The Center for Chemical Evolution is searching for molecules and reactions responsible for the initial synthesis and evolution of the polymers associated with life. This question poses a number of intellectual and technical challenges. Researchers within the CCE hypothesize that the first biopolymers resembled those known in life today but had unique properties that allowed them to survive, flourish, and evolve on the early Earth. These proto-biopolymers and the environments that fostered their survival define the research themes within the CCE.
The RNA World hypothesis, which suggests early life relied on RNA’s ability to store genetic information as well as perform catalytic functions to exist, is central to many current theories on the evolution of life. Based on plausibly prebiotic conditions, there were likely formidable challenges to the formation of RNA on the early Earth. The Proto-Nucleic Acids theme is considering plausibly prebiotic scenarios resulting in the formation of RNA or a precursor molecule. Studies of the various components (e.g., base, sugar, backbone) have revealed alternatives to the Watson-Crick bases and the phosphodiester backbone that may result in the formation of biopolymers with similar structural and genetic characteristics to extant nucleic acids. The following sections highlight recent discoveries.
One of the most enduring mysteries concerning the origin of life is the mechanism by which living systems use homochiral polymers. This homochirality could originate by chemical evolution or biological evolution, or a combination of both. CCE has demonstrated the spontaneous appearance of macroscopic chirality, chiral domain separation and chiral amplification in hydrogen bonded assemblies of achiral nucleobases. We hypothesize that nucleic acid homochirality can be a result of symmetry breaking at the supramolecular polymer level, and homochiral polymers can evolve from domains of supramolecular polymers by facile replacement of one chiral molecule with the preferred one.
How did sugars and bases get together to make the nucleosides of RNA? Many attempts have been made to understand the formation of the nucleosides present in RNA today, but a greater diversity of molecules was certainly present on the early Earth. CCE researchers show that the reactions of sugars and nucleobases likely occurred one of two ways. In monovalent glycosylation, specific conditions or a good leaving group allows a single pair of electrons to form a lasting bond. In divalent glycosylation, two electron pairs allow a nucleobase to add to a sugar more readily. This framework suggests that there is a greater likelihood that noncanonical divalent nucleobases reacted with sugars to form a vast pool of nucleosides on the early Earth, and that it is possible they played an important role in the evolution of nucleic acids.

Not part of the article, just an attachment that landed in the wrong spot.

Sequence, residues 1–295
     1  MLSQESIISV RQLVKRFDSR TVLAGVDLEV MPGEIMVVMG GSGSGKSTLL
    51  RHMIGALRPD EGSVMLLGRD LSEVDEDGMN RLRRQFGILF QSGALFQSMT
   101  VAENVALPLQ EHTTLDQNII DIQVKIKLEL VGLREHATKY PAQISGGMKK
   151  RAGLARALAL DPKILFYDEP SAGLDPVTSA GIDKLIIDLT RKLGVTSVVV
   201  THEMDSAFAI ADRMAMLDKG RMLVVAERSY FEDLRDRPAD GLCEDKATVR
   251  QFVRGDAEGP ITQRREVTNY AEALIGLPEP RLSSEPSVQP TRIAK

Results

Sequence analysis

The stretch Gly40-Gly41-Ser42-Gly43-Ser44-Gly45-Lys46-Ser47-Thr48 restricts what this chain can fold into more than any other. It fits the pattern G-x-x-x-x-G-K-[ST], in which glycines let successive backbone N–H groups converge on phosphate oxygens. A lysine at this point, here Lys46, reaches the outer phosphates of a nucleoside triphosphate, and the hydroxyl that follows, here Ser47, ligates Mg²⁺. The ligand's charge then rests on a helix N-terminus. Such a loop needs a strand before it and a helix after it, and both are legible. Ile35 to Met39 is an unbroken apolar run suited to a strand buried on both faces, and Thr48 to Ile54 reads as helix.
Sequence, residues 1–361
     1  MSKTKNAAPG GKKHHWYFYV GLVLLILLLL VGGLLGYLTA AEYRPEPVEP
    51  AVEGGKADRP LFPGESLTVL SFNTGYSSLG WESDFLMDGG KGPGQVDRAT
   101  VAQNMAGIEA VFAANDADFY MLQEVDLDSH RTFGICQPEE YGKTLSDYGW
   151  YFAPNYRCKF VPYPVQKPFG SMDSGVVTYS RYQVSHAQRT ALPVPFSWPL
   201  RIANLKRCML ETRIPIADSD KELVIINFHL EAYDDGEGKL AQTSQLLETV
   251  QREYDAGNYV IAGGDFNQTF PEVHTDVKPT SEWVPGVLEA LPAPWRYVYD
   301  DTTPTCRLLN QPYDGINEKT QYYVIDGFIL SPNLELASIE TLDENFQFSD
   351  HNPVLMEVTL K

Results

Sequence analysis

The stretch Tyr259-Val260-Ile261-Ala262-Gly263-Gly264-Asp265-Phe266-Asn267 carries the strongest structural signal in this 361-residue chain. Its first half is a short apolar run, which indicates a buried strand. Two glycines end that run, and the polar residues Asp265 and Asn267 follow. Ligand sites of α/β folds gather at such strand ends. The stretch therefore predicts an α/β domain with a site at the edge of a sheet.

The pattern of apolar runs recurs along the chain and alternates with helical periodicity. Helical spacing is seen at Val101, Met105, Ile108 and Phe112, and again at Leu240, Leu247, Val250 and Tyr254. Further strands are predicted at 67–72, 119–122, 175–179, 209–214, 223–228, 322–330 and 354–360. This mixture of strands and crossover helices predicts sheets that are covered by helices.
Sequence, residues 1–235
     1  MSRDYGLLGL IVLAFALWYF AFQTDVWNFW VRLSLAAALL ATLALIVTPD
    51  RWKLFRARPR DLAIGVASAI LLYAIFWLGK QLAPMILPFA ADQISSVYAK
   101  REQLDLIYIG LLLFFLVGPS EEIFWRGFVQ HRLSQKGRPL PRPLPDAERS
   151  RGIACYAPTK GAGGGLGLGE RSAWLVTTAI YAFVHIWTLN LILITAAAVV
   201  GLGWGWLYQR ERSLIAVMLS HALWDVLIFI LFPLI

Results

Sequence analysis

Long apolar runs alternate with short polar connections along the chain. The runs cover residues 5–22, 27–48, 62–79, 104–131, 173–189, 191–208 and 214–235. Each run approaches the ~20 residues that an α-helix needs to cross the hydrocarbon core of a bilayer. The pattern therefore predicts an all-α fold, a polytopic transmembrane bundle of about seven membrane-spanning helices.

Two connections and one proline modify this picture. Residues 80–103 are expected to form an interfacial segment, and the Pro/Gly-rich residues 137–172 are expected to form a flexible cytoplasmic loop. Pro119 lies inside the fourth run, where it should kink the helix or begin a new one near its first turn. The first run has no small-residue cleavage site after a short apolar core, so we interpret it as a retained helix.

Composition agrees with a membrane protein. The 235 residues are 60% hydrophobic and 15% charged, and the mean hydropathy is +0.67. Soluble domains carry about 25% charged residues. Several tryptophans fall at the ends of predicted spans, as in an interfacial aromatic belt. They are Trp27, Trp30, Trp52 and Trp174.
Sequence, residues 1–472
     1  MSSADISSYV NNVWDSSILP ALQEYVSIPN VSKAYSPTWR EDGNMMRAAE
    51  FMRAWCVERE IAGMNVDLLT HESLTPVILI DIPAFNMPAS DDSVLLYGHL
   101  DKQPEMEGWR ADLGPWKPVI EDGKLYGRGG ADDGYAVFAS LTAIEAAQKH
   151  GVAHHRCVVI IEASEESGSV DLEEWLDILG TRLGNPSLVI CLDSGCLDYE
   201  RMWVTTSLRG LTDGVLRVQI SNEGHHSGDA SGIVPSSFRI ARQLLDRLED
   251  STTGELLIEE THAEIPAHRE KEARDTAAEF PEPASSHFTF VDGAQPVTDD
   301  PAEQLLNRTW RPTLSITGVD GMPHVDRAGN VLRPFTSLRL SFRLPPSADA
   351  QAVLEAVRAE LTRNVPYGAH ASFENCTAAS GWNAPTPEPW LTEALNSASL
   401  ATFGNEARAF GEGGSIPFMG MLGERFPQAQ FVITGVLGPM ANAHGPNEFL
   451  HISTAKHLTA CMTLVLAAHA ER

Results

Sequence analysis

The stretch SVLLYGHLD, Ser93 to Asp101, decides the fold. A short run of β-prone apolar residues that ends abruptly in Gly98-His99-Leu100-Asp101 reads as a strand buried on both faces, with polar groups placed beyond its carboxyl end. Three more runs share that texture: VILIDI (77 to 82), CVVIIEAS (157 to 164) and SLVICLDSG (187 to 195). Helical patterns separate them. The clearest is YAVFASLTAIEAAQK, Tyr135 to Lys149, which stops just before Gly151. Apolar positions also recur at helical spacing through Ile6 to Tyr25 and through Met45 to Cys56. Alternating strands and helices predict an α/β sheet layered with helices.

Biology uses oxygen containing orotidine as the central nucleotide to synthesize the uridine, cytidine and deoxythymidine nucleotides that are the building blocks of RNA and DNA. Switching the oxygen atom on these nucleobases to a sulfur atom produces corresponding thio-nucleosides that are interesting from both a biological/medicinal and origins of life chemistry point of view. Surprisingly, the 2-thioorotidine (a useful plausible prebiotic) counterpart is unstable due to the combined steric and electronic effects and decomposes readily to form ribose. Such a transformation could be useful for producing other nucleosides in the context of chemical evolution on the early Earth.